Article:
This course (taught in English) provides an overview of Chinese popular culture from 1949 to the contemporary era, including popular literature, film, posters, music, and blog entries. The course examines both old and new forms of popular culture in relation to social change, cultural spaces, new media technologies, the state, individual expressions, and gender politics. Throughout this course, special attention is paid to the alliance between popular literature and the booming entertainment industry, the making of celebrity culture, and the role digital media plays in shaping China's cultural landscape. The course requires no prior knowledge of Chinese language, literature, or culture.

In translation

ENGL 362.00 Narrative Theory 6 credits

Open: Size: 15, Registered: 9, Waitlist: 0

Weitz Center 233

MTWTHF
1:15pm3:00pm1:15pm3:00pm
Synonym: 64726

Susan Jaret McKinstry

"Does the world really present itself to perception in the form of well-made stories?" asks Hayden White, metahistoriographer. To try to answer that question, we will read contemporary narrative theory by critics from several disciplines and apply their theories to literary texts, films, and cultural objects such as graphic novels, television shows, advertisements, and music videos.

Prerequisite: One 6-credit English foundations course and one additional 6-credit English course or permission of the instructor

LCST 245.00 The Critical Toolbox: Who's Afraid of Theory? 6 credits

Seth E Peabody

This class introduces students to the various theoretical frameworks and the many approaches scholars can use when analyzing a text (whether this text is a film, an image, a literary piece or a performance). What do words like ‘structuralism,’ ‘ecocriticism,’ 'cultural studies,' and ‘postcolonial studies’ refer to? Most importantly, how do they help us understand the world around us? This class will be organized around interdisciplinary theoretical readings and exercises in cultural analysis.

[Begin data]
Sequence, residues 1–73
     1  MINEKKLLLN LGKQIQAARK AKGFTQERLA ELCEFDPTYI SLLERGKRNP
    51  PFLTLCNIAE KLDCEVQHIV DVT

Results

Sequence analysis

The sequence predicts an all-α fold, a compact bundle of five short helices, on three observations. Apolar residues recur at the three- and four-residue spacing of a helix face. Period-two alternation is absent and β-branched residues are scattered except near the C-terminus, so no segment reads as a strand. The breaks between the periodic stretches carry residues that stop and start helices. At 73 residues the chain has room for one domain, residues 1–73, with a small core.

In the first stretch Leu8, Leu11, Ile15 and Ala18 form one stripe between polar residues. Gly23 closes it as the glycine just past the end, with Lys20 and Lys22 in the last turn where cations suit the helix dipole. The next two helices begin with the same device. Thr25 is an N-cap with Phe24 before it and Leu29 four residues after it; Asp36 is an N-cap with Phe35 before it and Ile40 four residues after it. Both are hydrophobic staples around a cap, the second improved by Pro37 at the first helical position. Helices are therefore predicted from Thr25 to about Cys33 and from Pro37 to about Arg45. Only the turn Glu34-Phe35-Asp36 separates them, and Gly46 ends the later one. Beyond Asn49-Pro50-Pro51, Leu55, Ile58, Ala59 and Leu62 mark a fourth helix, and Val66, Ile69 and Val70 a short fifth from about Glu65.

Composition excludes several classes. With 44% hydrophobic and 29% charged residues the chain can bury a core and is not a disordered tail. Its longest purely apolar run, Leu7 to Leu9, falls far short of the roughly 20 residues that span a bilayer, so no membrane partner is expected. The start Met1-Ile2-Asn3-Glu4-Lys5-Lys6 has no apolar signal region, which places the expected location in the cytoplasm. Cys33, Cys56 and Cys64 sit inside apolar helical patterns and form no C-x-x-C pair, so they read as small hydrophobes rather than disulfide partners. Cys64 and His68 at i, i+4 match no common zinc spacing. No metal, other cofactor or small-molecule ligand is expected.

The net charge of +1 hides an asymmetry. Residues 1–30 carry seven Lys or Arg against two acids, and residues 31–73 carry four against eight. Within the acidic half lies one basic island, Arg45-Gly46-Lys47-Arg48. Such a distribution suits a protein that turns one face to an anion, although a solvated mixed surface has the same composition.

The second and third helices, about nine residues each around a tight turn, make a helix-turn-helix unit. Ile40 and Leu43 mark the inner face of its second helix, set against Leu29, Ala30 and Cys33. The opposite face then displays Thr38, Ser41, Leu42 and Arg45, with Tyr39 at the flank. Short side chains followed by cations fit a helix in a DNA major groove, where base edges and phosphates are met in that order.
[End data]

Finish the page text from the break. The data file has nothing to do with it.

Prerequisite: At least one 200- or 300-level course in Literary/Artistic Analysis (in any language) or instructor permission

SPAN 345.00 Culture, Capitalism and the Commons 6 credits

Open: Size: 25, Registered: 19, Waitlist: 0

Weitz Center 235

MTWTHF
10:10am11:55am10:10am11:55am
Synonym: 64986

Palmar Álvarez-Blanco

Have you ever wondered if not capitalism, then what? In this course we will critically approach the historical background, the causes and, most importantly, the consequences of the civil and ecological crisis unleashed globally in 2008. Both in its origin and its consequences, this crisis went beyond the financial field, extending into the realms of politics, economics, culture, media and ecology. In light of this context, we will take a transdisciplinary approach to the study of capitalist culture and analyze the main changes that have developed from the cycle of social mobilizations surrounding the "indignados" movement or Spanish 15M in 2011. With a primary focus on Spain, we will concentrate on analyzing cultural artifacts that mark a paradigm shift from a capitalist culture towards the development of a culture of the commons that seeks to improve the living conditions of the social majority, defending both human rights and ecological justice.

Prerequisite: Spanish 205 or equivalent

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except Quantitative Reasoning, which requires 3 courses.